Role of Scripture

(Dean Schmucker) #1

16 All scripture is given by inspiration of God, and is profitable for doctrine, for reproof, for correction, for instruction in righteousness:17 That the man of God may be perfect, throughly furnished unto all good works.

So the question I’ve been pondering is just what Scriptural authority means. What does inspiration mean? For example, at the core of the Young Earth Creation debate, I sense, is an understanding of inspiration to mean that all facts presented in the Bible cannot be questioned. If God said it in Genesis, it must be so, end of discussion. But is this God’s intention, that we use the Bible as a science textbook, and to not look at any evidence to the contrary? I am not sure, though it seems to me it is far more important to know the Author of the Book than to know, by heart, every doctrine in the Book.

(SeanO) #2

@manbooks Below are some threads on Biblical inerrancy and Genesis 1. Regarding Genesis 1, I think it is critical to understand that we can believe the Bible to be inspired by God and still interpret Genesis 1 differently (see table at bottom of thread). Regarding inerrancy, here is a summary of some of my thoughts (see thread on inerrance for link to Chicago statement of inerrancy).

1 - Inerrancy does not mean that we take the Bible ‘literally’ in a wooden sense - we still take into account the historical and grammatical context
2 - Inerrancy does not mean that the worldview of the Biblical authors was scientifically accurate
3 - Inerrancy does not mean that we can apply any portion of Scripture to our situation today - God revealed Himself progressively (while still being the same yesterday, today and forever) and we leave in the era of the Church
4 - Belief in inerrancy is not necessary for salvation
5 - Inerrancy does not mean that all Scripture is equally profitable or edifying
6 - Inerrancy (in my opinion) does not mean there are no small factual errors in the Bible - that does not bother me in the least or detract from the beauty and glory of the grand narrative

(Jimmy Sellers) #3

My thoughts on the Bible as a science book are discussed in this link. Hope that it helps. You might want to read the entire thread, lots of good input from the community.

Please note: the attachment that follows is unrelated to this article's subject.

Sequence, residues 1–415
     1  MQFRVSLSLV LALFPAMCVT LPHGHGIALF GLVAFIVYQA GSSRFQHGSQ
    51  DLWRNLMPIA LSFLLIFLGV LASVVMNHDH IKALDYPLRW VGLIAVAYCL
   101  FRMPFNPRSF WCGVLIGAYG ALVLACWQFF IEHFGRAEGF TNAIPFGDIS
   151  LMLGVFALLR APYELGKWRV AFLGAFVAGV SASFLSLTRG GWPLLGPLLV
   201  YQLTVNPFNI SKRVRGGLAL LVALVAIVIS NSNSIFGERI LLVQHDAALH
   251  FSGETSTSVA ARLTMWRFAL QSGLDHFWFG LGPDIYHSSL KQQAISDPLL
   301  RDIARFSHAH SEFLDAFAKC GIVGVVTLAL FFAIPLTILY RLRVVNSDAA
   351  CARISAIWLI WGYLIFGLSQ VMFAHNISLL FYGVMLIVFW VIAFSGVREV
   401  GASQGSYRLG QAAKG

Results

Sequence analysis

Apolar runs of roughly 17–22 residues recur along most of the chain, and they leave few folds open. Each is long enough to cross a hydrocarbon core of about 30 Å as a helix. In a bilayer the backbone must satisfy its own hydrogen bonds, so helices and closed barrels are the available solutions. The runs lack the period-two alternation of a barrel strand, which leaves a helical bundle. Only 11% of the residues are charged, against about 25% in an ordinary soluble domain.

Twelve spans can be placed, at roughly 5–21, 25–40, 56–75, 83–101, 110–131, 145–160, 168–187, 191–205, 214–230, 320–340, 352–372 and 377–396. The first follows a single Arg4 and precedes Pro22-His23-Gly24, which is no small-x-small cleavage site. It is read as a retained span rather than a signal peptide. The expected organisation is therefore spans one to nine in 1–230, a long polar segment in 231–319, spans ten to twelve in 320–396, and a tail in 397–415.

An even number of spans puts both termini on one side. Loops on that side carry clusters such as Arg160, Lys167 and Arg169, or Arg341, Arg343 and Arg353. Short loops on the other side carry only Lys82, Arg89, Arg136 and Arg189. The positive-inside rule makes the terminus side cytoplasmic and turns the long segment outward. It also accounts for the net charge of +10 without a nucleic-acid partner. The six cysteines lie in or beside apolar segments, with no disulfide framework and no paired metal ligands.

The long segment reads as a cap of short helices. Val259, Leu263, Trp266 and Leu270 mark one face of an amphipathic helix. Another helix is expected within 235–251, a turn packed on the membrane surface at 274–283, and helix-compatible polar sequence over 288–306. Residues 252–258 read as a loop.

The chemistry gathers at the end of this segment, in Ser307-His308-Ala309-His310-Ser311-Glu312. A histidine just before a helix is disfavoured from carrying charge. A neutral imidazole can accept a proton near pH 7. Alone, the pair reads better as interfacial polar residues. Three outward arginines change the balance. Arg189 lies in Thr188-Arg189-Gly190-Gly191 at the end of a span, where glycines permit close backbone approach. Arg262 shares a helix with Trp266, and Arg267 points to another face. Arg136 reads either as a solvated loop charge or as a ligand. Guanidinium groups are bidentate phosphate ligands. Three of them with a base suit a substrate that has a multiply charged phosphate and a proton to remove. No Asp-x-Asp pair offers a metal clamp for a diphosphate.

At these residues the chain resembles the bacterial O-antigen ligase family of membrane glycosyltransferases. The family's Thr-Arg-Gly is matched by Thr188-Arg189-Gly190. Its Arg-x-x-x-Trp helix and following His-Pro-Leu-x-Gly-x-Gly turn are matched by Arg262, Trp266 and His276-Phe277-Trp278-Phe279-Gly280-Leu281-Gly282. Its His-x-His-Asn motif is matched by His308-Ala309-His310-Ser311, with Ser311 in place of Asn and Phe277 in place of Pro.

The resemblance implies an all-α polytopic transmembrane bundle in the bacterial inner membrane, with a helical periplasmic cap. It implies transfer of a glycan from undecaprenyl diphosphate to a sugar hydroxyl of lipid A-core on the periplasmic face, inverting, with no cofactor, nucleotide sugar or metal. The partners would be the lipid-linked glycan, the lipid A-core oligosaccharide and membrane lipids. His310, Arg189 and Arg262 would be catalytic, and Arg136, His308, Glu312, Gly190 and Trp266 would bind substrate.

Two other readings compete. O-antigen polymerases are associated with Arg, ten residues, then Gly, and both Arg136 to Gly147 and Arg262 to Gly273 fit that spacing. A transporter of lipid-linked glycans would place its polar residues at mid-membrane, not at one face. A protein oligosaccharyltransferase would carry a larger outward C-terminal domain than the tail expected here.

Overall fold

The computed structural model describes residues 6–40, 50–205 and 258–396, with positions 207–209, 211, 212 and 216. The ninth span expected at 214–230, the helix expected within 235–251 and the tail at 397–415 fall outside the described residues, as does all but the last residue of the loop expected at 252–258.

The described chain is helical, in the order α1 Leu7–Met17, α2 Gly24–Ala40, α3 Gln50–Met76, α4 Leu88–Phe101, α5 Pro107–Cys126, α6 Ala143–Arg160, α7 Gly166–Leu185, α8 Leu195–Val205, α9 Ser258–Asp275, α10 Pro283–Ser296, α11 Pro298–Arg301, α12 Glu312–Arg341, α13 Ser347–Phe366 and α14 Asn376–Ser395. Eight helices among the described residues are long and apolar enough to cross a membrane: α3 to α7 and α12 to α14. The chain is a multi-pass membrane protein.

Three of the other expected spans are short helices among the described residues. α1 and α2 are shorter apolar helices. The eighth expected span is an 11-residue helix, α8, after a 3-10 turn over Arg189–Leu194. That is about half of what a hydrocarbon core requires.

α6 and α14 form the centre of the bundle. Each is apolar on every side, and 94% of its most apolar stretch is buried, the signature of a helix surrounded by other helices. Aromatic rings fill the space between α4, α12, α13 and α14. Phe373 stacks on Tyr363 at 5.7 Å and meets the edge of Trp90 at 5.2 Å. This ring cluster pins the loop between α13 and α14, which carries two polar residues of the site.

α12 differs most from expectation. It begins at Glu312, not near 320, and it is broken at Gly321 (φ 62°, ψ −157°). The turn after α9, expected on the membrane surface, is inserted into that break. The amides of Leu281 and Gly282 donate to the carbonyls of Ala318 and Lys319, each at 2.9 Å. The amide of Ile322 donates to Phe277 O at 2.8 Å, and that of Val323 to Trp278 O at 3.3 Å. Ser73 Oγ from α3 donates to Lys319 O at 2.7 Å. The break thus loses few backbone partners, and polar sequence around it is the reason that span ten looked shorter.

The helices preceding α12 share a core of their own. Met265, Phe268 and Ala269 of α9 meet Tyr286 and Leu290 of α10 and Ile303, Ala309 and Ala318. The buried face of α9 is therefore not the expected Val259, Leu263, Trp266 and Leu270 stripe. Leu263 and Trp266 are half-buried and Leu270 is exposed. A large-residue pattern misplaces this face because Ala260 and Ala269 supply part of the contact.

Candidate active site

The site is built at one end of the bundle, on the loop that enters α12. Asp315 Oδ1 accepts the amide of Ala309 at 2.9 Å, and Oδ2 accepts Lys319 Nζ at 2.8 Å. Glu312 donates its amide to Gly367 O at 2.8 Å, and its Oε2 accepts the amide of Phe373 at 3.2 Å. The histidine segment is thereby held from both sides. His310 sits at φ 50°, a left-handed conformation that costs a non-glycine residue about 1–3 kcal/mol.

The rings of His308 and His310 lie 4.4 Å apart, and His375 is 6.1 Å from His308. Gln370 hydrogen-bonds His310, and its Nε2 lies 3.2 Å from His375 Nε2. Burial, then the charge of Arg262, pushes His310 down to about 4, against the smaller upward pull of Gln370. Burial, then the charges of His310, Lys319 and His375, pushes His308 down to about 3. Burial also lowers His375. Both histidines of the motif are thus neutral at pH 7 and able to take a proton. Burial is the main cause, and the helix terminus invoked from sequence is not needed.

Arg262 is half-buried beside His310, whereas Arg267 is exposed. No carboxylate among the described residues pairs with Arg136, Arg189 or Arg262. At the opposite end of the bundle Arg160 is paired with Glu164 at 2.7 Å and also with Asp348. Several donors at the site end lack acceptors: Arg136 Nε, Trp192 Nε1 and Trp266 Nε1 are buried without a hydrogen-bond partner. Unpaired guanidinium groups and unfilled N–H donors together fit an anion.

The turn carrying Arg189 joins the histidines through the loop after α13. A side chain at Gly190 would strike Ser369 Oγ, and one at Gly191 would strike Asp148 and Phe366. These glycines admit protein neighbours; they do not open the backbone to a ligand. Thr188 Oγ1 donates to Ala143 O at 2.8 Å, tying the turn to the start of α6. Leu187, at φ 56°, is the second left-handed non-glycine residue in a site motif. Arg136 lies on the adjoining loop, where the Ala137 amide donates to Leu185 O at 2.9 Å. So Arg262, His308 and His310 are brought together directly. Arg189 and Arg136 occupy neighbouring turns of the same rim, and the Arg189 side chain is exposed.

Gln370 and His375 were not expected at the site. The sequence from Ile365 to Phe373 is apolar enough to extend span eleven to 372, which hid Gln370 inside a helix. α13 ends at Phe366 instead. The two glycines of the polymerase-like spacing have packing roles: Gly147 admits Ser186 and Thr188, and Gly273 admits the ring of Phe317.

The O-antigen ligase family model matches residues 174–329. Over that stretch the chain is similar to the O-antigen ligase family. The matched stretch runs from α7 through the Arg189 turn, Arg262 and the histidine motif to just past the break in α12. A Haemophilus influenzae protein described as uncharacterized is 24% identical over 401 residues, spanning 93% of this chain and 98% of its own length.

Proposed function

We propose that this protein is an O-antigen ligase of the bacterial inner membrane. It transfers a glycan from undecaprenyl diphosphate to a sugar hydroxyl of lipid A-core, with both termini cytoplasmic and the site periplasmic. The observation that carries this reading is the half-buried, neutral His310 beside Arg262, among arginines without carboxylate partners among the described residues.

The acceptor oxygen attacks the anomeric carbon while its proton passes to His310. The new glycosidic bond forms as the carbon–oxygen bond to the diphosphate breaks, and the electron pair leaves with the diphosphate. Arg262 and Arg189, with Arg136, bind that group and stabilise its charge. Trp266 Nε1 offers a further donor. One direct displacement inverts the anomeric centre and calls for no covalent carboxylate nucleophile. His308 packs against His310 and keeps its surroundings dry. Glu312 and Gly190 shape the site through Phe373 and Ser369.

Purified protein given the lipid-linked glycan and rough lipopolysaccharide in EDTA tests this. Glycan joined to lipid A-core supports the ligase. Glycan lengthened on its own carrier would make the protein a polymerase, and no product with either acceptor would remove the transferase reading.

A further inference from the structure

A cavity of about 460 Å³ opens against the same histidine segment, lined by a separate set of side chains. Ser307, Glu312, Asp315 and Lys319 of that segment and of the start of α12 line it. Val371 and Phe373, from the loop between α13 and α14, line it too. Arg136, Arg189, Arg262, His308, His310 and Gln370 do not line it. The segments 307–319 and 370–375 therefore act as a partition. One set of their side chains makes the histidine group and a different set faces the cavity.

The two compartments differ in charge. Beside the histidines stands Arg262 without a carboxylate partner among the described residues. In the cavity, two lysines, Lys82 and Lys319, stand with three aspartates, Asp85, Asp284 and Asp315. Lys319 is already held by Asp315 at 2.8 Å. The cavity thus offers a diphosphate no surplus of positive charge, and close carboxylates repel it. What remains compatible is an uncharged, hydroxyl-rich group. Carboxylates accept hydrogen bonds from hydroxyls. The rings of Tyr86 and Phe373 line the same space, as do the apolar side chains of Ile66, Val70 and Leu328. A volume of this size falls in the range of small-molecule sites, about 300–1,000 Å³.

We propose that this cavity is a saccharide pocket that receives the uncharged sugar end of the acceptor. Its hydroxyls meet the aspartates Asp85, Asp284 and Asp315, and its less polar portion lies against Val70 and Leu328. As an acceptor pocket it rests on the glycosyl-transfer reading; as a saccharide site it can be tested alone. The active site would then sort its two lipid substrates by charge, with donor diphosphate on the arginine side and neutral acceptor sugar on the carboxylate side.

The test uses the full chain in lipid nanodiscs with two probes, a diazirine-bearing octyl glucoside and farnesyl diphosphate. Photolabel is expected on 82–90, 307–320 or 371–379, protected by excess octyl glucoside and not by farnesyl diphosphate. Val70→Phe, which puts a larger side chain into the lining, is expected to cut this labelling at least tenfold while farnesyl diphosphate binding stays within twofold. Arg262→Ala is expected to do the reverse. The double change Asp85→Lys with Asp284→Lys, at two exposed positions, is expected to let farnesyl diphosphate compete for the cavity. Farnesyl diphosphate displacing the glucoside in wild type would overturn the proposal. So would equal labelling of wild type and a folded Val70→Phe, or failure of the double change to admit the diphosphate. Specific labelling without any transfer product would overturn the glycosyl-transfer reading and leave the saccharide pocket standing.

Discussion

(Timothy Loraditch) #4

@manbooks I think you are absolutely right when you say…

The bible was penned by many people over many millennia with multiple languages. That is why we say that it was the inspired word of God. God inspired individuals to write what they did. We don’t have the original copies of any sections. Josh Macdowell’s book “God-Breathed: The Undeniable Power and Reliability of Scripture” has a lot of good information on this.

Scriptural authority means just what the verse says …
for doctrine,
for reproof,
for correction,
for instruction in righteousness
That the man of God may be perfect, thoroughly furnished unto all good works.

In the context of your question, I think that in every area of life the bible does speak the truth but understanding what someone wrote thousands of years ago in a very different culture, and another language is often difficult for a 21st -century Christian to understand. That is why we have the Holy Spirit to enlighten us.

All fact in the Bible can and should be questioned. However, we also need to understand that even today scientists know so little about the universe, and what happened in the past, that their understanding is changing every day. It is important to understand that the purpose of the Bible is to make us “perfect, thoroughly furnished unto all good works.” Science does not and will never do that. Only faith in God can get us there and I expect that science and faith will continue to be in conflict until Christ returns.

As a Christian, we can read the Bible in light of science, but at some point, our faith needs to kick in and say but I know “God is and He is the rewarder of those who seek Him.” No one who knows Jesus will be barred from Heaven because they didn’t believe the Young Earth Theory. Ph.D.s in astrophysics, mathematics, philosophy, history etc. will be turned away if they reject the person of Jesus.

(Dean Schmucker) #5

Yes, that is spot on. There are only two groups of souls in the Resurrection. Those who know Him, and those who do not. Someone could believe in a 6000 year old creation, and still not know Jesus. Conversely, someone could believe in a six billion year old creation, and yet know Him. So it’s not a point of salvation, but one of interpretation. I believe I can still subscribe to YEC because I simply do not know what a global event like a flood would have done to the fossil record. Not only that, there is no evidence of civilization, that I know of, older than 6000 years. However, it is clear that no matter if the world is 6000 or six billion years old, the only eye witness alive is Jesus Himself. Without an eye witness, all we can do is judge the cause by the effect. And depending on one’s starting point, a person could come up with either conclusion.

(Dean Schmucker) #6

Might be relevant